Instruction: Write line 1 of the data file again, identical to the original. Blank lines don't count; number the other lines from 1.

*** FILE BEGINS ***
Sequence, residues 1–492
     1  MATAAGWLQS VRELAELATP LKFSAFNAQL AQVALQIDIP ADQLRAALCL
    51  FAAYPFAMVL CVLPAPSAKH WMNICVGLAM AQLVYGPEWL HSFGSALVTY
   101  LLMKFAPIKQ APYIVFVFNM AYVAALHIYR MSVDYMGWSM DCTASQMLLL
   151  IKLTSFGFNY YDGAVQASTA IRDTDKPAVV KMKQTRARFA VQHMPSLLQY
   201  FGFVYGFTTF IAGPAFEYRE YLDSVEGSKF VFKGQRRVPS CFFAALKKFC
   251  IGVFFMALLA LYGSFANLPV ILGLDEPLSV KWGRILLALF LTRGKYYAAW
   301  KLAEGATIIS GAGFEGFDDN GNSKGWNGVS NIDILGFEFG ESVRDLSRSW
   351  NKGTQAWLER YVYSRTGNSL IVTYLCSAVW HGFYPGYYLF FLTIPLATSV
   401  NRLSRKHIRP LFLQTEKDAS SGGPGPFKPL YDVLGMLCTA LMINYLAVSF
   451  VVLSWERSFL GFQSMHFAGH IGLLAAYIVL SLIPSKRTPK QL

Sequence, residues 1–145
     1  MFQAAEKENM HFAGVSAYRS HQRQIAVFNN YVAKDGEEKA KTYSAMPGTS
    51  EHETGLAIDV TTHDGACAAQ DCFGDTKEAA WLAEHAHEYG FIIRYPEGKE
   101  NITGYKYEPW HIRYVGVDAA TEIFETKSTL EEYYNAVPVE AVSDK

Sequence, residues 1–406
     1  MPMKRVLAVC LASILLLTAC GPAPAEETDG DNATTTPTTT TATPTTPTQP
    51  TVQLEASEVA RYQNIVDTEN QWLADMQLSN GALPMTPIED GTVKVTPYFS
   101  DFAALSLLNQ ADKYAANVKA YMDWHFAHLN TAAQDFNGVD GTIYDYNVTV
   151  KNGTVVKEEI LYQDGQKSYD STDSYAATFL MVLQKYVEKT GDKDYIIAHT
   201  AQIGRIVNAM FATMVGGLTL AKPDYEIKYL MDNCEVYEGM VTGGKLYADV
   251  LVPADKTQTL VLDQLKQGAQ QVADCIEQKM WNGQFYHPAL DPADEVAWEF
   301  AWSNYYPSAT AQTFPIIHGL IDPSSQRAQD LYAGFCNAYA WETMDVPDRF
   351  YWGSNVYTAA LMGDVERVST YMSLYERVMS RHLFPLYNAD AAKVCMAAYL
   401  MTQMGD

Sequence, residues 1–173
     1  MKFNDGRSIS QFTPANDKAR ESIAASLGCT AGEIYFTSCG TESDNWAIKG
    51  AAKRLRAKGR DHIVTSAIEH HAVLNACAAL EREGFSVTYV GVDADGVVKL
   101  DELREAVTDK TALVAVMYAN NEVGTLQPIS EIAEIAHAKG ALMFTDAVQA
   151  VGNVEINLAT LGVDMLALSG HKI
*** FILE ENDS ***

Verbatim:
Sequence, residues 1–492